Real Life Resources

The Truth About Beneficiaries

It couldn’t be simpler: beneficiaries you name in financial accounts like IRAs, retirement plans and insurance policies inherit the proceeds directly instead of waiting for a will to go through probate. The trick is keeping on top of all the accounts.

Track Down Your Accounts

People move around a lot more these days. Make sure that retirement or other investment accounts go with you; update the beneficiaries at the same time.

  1. Your financial adviser can help you roll over 401(k)s, 403(b)s or other retirement and pension plans when you switch jobs.
  2. Check the status of life insurance and disability plans that you acquired back in the day, either at the office or individually.
  3. Whatever happened to the trading accounts you opened back in the era? A little housekeeping may be in order.

One by One

Your will has no effect on individual accounts with named beneficiaries despite changes in your personal life. To prevent surprises for your heirs:

  1. Check each IRA, retirement and insurance policy to see that the beneficiary is current.
  2. A periodic review of all your accounts is a good idea; extra scrutiny after a major event such as divorce or a death in the family makes sense, too.
  3. Never leave the beneficiary form blank. In that case the account will have to go through probate with the courts deciding who inherits the proceeds.  Updating the forms is easy if you change your mind.
  4. Name contingency beneficiaries in case your primary beneficiary predeceases you.
    1. You always have the option of dividing the account among several primary or contingency beneficiaries.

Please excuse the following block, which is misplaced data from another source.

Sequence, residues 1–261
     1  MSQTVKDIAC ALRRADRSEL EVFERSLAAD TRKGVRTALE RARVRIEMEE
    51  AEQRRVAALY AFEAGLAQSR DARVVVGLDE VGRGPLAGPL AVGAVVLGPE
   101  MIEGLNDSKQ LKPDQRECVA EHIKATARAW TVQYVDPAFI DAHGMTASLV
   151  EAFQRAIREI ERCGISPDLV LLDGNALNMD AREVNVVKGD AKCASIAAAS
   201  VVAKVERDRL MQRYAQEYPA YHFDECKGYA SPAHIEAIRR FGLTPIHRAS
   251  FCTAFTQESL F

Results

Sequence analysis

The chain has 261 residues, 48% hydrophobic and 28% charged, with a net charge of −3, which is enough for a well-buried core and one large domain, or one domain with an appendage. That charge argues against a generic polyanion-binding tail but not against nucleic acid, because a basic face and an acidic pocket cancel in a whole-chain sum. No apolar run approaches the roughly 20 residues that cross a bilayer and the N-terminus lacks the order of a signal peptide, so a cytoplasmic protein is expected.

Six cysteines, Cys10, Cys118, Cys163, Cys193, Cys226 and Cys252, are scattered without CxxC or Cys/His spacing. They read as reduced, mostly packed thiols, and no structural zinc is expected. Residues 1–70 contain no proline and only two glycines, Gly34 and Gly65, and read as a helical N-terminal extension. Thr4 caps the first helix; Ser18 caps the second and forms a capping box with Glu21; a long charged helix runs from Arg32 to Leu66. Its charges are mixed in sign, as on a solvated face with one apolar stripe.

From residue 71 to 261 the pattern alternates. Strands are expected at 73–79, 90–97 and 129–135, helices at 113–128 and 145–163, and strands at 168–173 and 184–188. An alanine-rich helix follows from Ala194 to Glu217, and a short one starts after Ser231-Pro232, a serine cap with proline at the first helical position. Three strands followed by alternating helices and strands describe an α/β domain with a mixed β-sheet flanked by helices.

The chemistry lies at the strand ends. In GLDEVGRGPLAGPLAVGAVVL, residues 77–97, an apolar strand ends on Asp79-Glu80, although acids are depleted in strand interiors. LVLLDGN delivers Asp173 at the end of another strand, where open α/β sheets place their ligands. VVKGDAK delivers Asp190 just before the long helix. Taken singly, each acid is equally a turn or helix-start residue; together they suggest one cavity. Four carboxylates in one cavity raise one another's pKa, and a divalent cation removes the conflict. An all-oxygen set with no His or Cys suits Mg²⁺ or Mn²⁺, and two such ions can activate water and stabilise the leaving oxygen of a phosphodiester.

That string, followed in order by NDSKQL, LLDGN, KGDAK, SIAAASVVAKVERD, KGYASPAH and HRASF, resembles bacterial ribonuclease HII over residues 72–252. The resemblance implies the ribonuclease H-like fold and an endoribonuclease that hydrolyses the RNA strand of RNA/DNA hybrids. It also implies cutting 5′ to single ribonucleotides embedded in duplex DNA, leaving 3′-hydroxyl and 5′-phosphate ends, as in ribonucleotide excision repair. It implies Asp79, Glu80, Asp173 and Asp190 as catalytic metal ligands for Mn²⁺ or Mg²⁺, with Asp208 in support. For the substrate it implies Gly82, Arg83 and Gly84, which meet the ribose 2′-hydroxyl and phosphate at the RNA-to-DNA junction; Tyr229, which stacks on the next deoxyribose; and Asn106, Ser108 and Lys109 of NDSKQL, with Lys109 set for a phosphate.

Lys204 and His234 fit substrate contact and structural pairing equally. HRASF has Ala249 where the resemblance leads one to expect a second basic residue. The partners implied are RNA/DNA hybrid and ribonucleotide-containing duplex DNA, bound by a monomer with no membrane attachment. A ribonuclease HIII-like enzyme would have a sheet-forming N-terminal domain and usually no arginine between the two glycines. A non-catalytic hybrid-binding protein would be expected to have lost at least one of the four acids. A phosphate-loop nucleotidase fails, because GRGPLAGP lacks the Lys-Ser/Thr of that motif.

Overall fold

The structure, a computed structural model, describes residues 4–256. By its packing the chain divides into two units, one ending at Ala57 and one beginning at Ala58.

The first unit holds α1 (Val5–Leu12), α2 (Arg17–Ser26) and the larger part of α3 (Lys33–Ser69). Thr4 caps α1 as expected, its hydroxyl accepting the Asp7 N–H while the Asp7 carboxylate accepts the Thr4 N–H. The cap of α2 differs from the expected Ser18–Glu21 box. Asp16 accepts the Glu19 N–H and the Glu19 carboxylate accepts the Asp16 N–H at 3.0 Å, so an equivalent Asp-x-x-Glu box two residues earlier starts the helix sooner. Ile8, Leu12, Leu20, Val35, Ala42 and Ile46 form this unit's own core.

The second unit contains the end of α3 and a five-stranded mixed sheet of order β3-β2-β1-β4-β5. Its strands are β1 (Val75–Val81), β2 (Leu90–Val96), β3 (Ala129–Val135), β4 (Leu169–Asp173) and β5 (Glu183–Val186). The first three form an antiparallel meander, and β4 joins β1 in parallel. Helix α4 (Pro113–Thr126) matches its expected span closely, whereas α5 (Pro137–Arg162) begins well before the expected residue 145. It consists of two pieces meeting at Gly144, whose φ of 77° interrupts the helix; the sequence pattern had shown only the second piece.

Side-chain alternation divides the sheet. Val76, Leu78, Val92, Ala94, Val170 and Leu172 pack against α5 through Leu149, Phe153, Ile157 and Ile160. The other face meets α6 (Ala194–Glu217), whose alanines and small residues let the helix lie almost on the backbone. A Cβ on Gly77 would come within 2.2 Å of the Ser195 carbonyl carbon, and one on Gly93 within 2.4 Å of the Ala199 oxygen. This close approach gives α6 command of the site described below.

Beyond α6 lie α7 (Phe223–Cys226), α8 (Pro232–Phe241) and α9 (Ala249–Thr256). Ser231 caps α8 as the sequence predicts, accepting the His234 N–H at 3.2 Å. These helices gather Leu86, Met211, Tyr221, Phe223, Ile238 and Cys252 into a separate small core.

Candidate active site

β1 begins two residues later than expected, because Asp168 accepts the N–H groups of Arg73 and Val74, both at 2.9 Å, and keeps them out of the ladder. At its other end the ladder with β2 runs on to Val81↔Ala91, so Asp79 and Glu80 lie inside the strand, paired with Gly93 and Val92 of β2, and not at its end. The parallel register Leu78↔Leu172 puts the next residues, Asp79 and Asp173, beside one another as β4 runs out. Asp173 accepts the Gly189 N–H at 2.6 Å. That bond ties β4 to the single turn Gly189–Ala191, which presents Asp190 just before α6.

2. The primary beneficiary has the option of issuing a disclaiming of the assets, which would permit the disclaimed assets to  pass to the contingent beneficiary/ies without incurring gift taxes — if the disclaimer is done correctly.
  5. A favorite charity can also be named as a beneficiary. Find out the organization’s Tax ID number to put on the form.

Modern Families

Consult your financial team to review the fine points so that you can make the wisest choice for your loved ones. Keep in mind:

  1. Your spouse can postpone distributions by rolling over your retirement account(s).  Not so for your kids, who cannot wait more than a year before drawing on the funds. And that means paying taxes, too.
  2. The courts will get involved when the beneficiary is below age18. Consider leaving assets to minors in a trust instead. Consult your estate attorney to ensure the trust is properly structured to prevent the assets to be taken out over a five year period.
    1. A trust could also be the way to go for beneficiaries involving stepchildren or complicated family situations.
    2. In the case of a family business with varying responsibilities among the heirs, it may help to spell things out in a trust.
  3. Listing your estate as a beneficiary will force your heirs to take out all the proceeds within five years. Beside tax consequences, it could force heirs to liquidate investments in an untimely manner.

If your assets are complex — and even if they’re not — your beneficiaries will thank you for settling the details. Follow up on your accounts on a regular basis so that their distribution is always the way you want it.

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Gerstein Fisher
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